# Double and half angle Identity [closed]

Please help me to solve this problem on how to proof if it is a double angle

\begin{align*} \cos 2 A &= 1-2\sin^2A\\ \sin 2 A &= 2\sin A\cos A\\ \tan 2A &=2\sin A\cos A\\ \end{align*}

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## closed as off-topic by Integrator, Davide Giraudo, Souvik Dey, Najib Idrissi, tetoriDec 14 at 14:18

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do you know the formula of $\sin(A+B), \cos (A+B)$ ? –  Santosh Linkha Jan 10 '13 at 23:03
Do you have access to the angle sum identities? If so, start with an angle sum of an angle with itself. (e.g., $\cos(\alpha + \alpha)$. –  Todd Wilcox Jan 10 '13 at 23:04
@user335160: Welcome to MSE! Is this homework? If so, it should be tagged as such. What have you tried? Where are you confused? These sorts of additions to questions help to MSE community to better help you with questions. Regards! –  Amzoti Jan 10 '13 at 23:05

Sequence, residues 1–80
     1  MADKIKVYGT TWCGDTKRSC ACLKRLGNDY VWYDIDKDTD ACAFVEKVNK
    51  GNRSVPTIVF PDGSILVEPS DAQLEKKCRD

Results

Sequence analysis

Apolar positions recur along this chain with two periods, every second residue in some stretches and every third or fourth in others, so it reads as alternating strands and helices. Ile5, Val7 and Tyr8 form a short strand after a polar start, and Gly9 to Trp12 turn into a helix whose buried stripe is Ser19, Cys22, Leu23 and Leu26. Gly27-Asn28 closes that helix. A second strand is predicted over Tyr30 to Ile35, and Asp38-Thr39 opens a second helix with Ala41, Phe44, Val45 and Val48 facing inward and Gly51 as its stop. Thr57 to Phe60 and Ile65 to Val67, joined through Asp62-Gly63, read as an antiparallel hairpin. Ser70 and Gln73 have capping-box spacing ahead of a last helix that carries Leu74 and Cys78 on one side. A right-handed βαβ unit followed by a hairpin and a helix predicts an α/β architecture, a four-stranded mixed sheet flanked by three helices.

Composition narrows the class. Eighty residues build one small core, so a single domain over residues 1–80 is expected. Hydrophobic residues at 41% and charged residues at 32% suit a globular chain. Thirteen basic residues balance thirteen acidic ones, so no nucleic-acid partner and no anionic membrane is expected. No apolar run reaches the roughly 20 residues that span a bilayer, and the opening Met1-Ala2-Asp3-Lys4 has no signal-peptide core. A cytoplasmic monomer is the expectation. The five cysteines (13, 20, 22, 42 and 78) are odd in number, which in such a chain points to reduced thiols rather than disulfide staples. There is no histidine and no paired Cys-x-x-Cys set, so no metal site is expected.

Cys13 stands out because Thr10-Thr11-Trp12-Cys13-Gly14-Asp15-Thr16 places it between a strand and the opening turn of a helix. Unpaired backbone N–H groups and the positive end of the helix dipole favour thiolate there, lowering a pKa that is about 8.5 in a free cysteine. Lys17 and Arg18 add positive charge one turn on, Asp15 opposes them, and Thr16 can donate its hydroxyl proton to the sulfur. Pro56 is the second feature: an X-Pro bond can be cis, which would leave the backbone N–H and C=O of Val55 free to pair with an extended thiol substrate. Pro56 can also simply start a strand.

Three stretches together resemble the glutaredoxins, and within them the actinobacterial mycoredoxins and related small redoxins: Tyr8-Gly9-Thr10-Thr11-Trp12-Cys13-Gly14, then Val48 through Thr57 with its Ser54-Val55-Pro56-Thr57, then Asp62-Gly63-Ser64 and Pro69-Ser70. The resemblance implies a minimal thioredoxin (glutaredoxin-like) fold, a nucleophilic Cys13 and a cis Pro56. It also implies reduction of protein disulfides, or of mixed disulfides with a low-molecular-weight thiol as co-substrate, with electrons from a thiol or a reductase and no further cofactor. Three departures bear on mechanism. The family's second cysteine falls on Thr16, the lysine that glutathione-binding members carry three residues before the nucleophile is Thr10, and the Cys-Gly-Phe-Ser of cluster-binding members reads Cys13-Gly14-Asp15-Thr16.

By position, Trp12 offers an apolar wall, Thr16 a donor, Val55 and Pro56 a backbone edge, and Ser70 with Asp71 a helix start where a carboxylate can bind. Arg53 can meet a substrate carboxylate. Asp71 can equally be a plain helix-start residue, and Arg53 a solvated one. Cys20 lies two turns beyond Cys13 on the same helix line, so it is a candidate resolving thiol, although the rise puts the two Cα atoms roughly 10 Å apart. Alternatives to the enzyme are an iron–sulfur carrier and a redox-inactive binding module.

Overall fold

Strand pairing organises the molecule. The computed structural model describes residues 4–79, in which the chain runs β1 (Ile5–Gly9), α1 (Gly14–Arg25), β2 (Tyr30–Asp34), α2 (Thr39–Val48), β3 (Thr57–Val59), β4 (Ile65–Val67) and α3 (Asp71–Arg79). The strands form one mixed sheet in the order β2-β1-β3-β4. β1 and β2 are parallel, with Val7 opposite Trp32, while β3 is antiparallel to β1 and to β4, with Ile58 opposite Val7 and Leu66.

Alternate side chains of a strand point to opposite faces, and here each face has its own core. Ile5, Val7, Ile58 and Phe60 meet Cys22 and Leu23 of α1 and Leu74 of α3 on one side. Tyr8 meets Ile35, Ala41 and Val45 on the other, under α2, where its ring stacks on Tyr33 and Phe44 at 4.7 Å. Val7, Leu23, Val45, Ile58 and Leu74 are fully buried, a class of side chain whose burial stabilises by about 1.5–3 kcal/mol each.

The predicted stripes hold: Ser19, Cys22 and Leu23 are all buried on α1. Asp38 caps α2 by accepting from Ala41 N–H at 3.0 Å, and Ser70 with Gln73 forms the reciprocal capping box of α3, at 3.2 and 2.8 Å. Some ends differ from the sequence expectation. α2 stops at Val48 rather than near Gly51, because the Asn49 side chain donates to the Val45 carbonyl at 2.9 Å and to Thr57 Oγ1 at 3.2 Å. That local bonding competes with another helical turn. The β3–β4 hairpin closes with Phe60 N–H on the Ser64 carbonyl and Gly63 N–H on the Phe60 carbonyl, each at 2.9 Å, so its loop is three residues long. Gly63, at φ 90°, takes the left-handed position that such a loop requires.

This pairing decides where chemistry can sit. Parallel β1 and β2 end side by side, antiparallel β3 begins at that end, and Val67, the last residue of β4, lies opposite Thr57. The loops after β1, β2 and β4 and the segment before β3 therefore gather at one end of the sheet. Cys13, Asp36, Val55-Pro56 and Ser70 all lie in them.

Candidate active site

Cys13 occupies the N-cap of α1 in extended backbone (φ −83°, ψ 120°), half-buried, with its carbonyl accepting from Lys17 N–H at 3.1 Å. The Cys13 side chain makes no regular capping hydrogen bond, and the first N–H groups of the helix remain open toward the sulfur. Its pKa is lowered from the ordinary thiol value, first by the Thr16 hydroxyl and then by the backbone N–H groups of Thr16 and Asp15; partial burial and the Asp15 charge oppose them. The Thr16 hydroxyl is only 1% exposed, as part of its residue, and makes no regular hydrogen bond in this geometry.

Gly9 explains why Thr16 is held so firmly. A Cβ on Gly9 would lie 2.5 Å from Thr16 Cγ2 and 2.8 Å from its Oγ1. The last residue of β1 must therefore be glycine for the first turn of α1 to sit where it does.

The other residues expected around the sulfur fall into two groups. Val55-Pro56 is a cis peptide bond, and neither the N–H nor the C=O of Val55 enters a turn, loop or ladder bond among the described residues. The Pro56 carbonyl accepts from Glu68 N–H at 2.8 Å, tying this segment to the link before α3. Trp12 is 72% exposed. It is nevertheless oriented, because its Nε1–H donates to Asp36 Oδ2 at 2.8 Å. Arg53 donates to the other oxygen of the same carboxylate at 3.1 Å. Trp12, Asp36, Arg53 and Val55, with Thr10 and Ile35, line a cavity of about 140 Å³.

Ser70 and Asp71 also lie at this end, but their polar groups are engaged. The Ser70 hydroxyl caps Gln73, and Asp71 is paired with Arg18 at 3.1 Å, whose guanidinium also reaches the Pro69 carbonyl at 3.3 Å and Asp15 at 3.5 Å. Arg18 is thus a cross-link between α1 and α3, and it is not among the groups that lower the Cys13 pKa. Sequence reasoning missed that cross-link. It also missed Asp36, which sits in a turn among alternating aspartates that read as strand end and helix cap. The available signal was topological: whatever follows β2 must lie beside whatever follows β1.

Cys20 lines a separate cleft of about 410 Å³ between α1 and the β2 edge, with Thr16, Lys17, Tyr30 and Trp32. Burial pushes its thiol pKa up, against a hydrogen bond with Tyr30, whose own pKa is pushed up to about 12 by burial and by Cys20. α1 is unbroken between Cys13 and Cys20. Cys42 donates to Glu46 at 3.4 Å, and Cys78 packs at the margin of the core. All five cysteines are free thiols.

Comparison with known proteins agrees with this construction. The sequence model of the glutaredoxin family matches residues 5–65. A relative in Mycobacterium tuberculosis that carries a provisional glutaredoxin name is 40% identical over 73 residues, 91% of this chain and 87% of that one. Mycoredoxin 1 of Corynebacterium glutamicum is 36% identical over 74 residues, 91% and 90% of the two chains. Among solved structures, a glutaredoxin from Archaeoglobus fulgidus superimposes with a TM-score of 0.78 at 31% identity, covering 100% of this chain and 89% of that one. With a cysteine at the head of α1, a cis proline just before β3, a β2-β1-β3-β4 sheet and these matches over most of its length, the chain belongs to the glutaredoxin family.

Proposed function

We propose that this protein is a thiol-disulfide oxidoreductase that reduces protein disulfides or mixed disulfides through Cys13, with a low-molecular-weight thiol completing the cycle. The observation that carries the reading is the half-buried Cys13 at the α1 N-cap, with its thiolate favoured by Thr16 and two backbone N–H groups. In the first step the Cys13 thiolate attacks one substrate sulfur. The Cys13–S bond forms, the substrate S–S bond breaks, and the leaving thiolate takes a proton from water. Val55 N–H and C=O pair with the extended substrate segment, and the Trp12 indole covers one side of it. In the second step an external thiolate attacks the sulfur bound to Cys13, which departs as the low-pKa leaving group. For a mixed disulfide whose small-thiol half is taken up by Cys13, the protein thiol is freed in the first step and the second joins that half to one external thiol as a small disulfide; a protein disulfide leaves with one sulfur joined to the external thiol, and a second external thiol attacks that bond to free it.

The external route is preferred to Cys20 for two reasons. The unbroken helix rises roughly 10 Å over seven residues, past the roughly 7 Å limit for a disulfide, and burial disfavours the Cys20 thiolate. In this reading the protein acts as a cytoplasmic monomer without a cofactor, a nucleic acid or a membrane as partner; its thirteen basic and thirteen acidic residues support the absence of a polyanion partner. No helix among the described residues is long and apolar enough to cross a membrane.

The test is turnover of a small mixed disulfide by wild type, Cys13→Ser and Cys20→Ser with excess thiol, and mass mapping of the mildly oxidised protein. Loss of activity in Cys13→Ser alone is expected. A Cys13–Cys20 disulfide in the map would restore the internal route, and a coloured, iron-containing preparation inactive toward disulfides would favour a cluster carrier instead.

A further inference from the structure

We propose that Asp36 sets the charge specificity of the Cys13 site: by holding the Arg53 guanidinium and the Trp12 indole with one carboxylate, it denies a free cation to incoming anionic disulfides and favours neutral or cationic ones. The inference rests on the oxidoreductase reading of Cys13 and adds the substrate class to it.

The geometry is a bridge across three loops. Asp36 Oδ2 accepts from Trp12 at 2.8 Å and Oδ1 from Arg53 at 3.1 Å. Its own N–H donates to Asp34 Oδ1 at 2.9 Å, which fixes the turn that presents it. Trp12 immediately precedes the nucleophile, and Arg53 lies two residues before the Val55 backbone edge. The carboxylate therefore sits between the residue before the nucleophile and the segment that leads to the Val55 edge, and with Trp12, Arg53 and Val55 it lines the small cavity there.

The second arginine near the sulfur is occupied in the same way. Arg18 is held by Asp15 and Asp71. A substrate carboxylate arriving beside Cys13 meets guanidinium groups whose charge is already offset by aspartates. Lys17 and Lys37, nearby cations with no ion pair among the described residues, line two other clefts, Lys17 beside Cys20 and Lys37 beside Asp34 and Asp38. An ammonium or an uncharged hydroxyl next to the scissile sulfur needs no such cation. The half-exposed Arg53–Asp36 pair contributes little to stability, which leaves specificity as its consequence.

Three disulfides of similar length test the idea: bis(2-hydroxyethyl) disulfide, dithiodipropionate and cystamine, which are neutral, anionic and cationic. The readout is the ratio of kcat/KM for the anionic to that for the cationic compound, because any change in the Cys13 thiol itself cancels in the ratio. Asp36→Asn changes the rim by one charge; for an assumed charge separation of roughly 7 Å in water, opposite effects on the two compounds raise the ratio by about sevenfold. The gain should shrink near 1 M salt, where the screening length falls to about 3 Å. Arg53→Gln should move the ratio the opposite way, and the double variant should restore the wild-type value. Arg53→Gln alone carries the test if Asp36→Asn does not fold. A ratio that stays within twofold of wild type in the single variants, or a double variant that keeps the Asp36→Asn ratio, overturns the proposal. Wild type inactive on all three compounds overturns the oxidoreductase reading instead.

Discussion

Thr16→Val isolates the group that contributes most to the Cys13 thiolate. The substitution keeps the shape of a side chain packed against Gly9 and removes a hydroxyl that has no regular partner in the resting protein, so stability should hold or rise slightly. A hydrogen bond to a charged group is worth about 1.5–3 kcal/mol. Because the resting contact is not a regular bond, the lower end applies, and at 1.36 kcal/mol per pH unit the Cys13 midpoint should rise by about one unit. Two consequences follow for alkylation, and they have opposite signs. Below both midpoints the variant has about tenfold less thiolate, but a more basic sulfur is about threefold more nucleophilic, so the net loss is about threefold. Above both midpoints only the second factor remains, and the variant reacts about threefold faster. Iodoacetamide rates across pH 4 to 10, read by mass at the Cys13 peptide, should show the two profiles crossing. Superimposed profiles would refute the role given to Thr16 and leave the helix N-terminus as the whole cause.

sorry I don't know because I am new to this. please help me to solve this problem with solution. thank you very much –  user335160 Jan 10 '13 at 23:06
It would help us help you if you answer the first two questions. –  amWhy Jan 10 '13 at 23:07

Exists two basic identities for sum of angles and they are $$\sin(A+B)=\sin A\cos B+\sin B\cos A$$ $$\cos(A+B)=\cos A\cos B-\sin A\sin B$$ if in these you put $A=B$ you get $$\sin(2A)=2\sin A\cos A$$ $$\cos(2A)=\cos^2 A-\sin^2 A$$ then you need to manipulate following identities $$\tan A=\frac{\sin A}{\cos A}$$ $${\sin^2 A}+{\cos^2 A}=1$$